# Maybe those that soil test are just more likely to fertilize in general?

Ryan Goss made a good point in the discussion about how much fertilizer is applied on golf courses.1

There are two basic scenarios.

The first scenario is no soil testing, in which it makes sense to apply the same amount of fertilizer, $F$, as the grass can use, $G$. One doesn’t know how much is in the soil, one can assume the soil will supply nothing, and as an equation this can be represented as $F$ = $G$. Maybe add just a little more to be sure. Call it $F = G + 10\%$. I’d think of this as a hydroponic situation, where the soil can supply nothing.

The second scenario is with soil testing. In this case, the amount of fertilizer to apply should be the amount that the grass will use that cannot be supplied by the soil, $S$. Any amount that is supplied from the soil is not required as fertilizer. In this scenario using soil testing to find what the soil can supply, the amount to apply as fertilizer becomes $F = G - S$. Maybe add just a little more to be sure. Call it $F = G - S + 10\%$. If the soil can supply nothing, then $S$ is 0 and the equation simplifies to the hydroponic situation described in the first scenario.

With these simple equations, it is apparent that the amount of fertilizer to apply, represented as the value $F$, will always be lower in the second scenario, with soil testing.

Ryan is correct that those who soil test are probably more likely to fertilize in general. But there is something interesting if we look at the data in Table 7 from Gelernter et al. (2016). Phosphorus and potassium are often recommended based on soil tests, but turfgrass nitrogen rates are not based on soil tests. Therefore, I’m going to use the amount of N applied as a baseline estimate of how much more likely soil testers are to fertilize than non-testers.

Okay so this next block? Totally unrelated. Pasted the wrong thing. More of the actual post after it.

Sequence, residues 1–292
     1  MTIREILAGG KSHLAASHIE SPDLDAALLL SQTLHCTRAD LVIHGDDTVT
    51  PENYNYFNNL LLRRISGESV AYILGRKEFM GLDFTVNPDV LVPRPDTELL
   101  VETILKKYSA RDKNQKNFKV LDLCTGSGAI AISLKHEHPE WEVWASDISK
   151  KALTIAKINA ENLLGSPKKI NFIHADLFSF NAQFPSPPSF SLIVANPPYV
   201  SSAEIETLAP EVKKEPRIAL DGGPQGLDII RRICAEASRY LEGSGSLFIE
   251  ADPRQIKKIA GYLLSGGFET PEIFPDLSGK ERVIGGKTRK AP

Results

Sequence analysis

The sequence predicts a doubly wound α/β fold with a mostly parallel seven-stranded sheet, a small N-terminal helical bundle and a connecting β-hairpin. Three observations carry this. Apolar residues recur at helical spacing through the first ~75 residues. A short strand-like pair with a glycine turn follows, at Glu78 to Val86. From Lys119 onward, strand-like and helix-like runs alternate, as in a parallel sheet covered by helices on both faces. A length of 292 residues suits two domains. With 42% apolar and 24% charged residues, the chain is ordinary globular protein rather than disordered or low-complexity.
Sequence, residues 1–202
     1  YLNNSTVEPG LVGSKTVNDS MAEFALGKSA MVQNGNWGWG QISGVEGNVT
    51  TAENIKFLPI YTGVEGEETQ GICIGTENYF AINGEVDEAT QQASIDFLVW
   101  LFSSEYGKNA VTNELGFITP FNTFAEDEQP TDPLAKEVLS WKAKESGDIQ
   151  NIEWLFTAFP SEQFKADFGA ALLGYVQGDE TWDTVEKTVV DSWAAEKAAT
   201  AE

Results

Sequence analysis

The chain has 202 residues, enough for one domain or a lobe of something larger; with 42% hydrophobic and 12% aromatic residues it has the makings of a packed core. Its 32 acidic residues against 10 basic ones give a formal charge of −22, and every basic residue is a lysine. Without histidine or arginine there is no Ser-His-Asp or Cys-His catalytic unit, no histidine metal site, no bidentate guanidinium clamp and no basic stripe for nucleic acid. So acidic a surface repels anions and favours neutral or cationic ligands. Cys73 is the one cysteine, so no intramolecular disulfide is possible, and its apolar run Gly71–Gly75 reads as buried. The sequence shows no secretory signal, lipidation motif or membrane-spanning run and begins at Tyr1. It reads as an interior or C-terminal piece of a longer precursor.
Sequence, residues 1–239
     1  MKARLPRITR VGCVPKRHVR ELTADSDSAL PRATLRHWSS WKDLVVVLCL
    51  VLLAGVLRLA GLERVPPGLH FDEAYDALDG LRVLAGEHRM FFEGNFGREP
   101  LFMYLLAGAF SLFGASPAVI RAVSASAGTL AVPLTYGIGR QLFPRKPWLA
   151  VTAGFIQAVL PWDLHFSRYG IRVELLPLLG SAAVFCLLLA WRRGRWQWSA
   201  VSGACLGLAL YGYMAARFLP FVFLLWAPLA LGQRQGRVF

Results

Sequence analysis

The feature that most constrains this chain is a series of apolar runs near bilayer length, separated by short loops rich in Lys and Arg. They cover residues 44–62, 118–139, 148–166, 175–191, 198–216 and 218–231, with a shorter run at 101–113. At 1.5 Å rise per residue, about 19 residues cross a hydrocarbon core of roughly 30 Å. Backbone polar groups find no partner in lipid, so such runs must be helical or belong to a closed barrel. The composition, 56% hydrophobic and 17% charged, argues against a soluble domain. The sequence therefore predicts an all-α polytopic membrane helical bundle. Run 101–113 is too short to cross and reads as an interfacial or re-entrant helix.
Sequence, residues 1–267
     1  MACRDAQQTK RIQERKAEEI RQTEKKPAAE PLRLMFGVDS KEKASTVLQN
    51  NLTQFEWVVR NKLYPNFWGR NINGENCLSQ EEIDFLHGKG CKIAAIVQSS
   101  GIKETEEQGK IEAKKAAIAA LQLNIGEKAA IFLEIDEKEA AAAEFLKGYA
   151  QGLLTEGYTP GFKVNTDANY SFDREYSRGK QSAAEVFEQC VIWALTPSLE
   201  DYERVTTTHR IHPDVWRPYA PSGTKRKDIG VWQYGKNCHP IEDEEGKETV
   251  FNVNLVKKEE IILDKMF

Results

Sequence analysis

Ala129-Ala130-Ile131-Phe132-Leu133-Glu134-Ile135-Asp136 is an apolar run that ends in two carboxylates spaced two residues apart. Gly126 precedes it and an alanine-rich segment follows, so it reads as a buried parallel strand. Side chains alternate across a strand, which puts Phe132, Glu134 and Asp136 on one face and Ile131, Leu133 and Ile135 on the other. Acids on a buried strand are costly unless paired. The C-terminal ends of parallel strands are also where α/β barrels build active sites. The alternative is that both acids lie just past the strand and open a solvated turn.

I use the log percentage (L%) to show the relative changes. More about log percentage at the end.

I took the average L% increase across all areas of the golf course for each nutrient. A typical 18 hole golf course that soil tests will have an 18 L% increase in nitrogen rate compared to a typical golf course that doesn’t soil test. Because nitrogen is not based on soil tests, I’ll pick that number and say that the overall increase in fertilizer from those who soil test is likely to be 18 L% more than those who don’t soil test, based on what Ryan pointed out.

Then I move to phosphorus and potassium and compare them to the 18 L%. Phosphorus and potassium recommendations are based on soil tests, so if they increase by about 18 L% too, then we can’t say soil tests have anything to do with it. Phosphorus fertilizer (shown as P2O5) was variable. The average was a 19 L% increase when soil testing, but there was a wide uncertainty interval around that estimate.

Potassium had an average increase of 39 L%. Even if the typical golf course that soil tests is already likely to apply 18 L% more fertilizer in general, that baseline increase does not explain the 39 L% increase in potassium fertilizer.

Why log percentage (L%)? This is described in Törnqvist et al. (1985) as “the only symmetric, additive, and normed indicator of relative change.”

I didn’t want to compare the absolute amounts of N, P, and K applied, because it is normal that one will apply more N than K, and more K than P. Saying the soil testing sites used half a pound more N (it was 0.4875 lbs more, to be exact) than the sites that didn’t soil test is fine. Then I can also say that the soil testing sites used 0.16 pounds more P2O5 than did the sites that didn’t soil test. Both those statements are correct. But that’s not exactly what I want to compare. I don’t want the absolute difference. I can’t compare the half pound of N to the 0.16 pound of P. What I’m interested in is the relative change.

I could use the usual percentage, but that has problems too. The sites that soil tested used 3 lbs of N on average. $\frac{3}{2.5} = 1.2$. 3 is 120% more than 2.5. A 20% increase. So is that also a 20% decrease? 20% of 3 is 0.6. That’s not symmetric. And $\frac{2.5}{3} = 0.833$. So is it a 17% decrease then? Or a 17% increase? It is confusing.

The log percentage solves this. $\log_e(\frac{3}{2.5}) = 0.182$. An 18.2 L% increase. $\log_e(\frac{2.5}{3}) = -0.182$. An 18.2 L% decrease. Very convenient.

1. The original blog post was That’s not how it is supposed to work↩︎